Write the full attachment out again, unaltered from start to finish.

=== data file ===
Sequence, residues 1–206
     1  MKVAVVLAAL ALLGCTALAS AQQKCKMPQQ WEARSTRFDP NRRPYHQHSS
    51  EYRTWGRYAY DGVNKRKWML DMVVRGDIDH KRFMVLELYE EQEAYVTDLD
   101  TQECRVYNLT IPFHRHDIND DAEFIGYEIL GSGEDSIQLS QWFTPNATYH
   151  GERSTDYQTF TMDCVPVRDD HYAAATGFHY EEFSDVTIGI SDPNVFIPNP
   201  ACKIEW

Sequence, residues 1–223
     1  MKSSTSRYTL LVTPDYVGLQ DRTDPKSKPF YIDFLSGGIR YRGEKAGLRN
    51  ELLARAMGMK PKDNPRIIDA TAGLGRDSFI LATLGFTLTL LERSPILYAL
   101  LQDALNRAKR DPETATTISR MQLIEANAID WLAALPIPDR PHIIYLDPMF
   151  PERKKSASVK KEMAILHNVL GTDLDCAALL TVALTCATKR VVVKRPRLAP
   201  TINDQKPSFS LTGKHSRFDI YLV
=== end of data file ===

Sequence, residues 1–206
     1  MKVAVVLAAL ALLGCTALAS AQQKCKMPQQ WEARSTRFDP NRRPYHQHSS
    51  EYRTWGRYAY DGVNKRKWML DMVVRGDIDH KRFMVLELYE EQEAYVTDLD
   101  TQECRVYNLT IPFHRHDIND DAEFIGYEIL GSGEDSIQLS QWFTPNATYH
   151  GERSTDYQTF TMDCVPVRDD HYAAATGFHY EEFSDVTIGI SDPNVFIPNP
   201  ACKIEW

Sequence, residues 1–223
     1  MKSSTSRYTL LVTPDYVGLQ DRTDPKSKPF YIDFLSGGIR YRGEKAGLRN
    51  ELLARAMGMK PKDNPRIIDA TAGLGRDSFI LATLGFTLTL LERSPILYAL
   101  LQDALNRAKR DPETATTISR MQLIEANAID WLAALPIPDR PHIIYLDPMF
   151  PERKKSASVK KEMAILHNVL GTDLDCAALL TVALTCATKR VVVKRPRLAP
   201  TINDQKPSFS LTGKHSRFDI YLV